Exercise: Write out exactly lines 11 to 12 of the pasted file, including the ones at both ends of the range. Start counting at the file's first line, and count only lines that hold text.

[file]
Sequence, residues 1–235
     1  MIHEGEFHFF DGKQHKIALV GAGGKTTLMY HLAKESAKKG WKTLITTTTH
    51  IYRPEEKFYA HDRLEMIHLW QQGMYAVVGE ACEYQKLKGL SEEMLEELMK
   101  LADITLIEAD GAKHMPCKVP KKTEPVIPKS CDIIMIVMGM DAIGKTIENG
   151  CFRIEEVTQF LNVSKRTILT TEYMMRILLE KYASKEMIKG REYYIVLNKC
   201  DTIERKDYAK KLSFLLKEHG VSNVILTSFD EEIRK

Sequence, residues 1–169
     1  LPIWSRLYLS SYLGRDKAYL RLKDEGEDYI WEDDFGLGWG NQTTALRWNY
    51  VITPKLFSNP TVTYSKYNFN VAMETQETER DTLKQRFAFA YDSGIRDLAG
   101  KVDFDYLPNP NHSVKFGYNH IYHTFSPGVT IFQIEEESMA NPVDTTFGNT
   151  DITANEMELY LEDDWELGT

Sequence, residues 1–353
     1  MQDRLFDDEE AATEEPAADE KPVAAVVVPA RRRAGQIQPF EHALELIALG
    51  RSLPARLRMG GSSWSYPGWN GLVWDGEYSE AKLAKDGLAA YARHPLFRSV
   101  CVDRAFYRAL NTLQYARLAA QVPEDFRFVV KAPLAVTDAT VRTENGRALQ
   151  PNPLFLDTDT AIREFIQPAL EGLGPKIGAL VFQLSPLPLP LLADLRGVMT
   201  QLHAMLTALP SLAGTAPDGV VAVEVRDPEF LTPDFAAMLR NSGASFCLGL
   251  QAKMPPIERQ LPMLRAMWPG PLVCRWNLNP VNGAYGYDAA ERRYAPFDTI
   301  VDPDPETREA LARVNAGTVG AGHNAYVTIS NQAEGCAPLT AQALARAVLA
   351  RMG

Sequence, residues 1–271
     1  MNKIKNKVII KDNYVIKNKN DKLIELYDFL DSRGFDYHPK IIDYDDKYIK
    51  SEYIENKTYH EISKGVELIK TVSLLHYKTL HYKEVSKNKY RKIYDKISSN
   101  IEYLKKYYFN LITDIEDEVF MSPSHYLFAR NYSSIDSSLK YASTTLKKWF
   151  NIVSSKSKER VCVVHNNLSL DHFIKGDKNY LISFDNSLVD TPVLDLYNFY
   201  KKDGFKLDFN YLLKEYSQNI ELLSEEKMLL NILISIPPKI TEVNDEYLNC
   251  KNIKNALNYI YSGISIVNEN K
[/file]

   151  DITANEMELY LEDDWELGT

Sequence, residues 1–353